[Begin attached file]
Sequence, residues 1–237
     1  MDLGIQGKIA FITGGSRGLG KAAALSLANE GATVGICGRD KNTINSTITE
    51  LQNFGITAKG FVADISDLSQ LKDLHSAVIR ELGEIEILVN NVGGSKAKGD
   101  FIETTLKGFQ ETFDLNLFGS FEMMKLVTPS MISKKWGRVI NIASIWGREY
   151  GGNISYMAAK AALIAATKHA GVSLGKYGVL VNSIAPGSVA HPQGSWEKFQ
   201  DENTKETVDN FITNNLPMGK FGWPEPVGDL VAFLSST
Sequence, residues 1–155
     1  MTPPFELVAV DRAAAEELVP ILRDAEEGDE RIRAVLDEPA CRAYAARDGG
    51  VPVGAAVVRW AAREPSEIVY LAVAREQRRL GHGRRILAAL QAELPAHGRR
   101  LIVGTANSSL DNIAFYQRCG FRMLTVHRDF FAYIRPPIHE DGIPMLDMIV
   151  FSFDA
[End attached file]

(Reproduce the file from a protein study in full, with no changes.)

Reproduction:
Sequence, residues 1–237
     1  MDLGIQGKIA FITGGSRGLG KAAALSLANE GATVGICGRD KNTINSTITE
    51  LQNFGITAKG FVADISDLSQ LKDLHSAVIR ELGEIEILVN NVGGSKAKGD
   101  FIETTLKGFQ ETFDLNLFGS FEMMKLVTPS MISKKWGRVI NIASIWGREY
   151  GGNISYMAAK AALIAATKHA GVSLGKYGVL VNSIAPGSVA HPQGSWEKFQ
   201  DENTKETVDN FITNNLPMGK FGWPEPVGDL VAFLSST
Sequence, residues 1–155
     1  MTPPFELVAV DRAAAEELVP ILRDAEEGDE RIRAVLDEPA CRAYAARDGG
    51  VPVGAAVVRW AAREPSEIVY LAVAREQRRL GHGRRILAAL QAELPAHGRR
   101  LIVGTANSSL DNIAFYQRCG FRMLTVHRDF FAYIRPPIHE DGIPMLDMIV
   151  FSFDA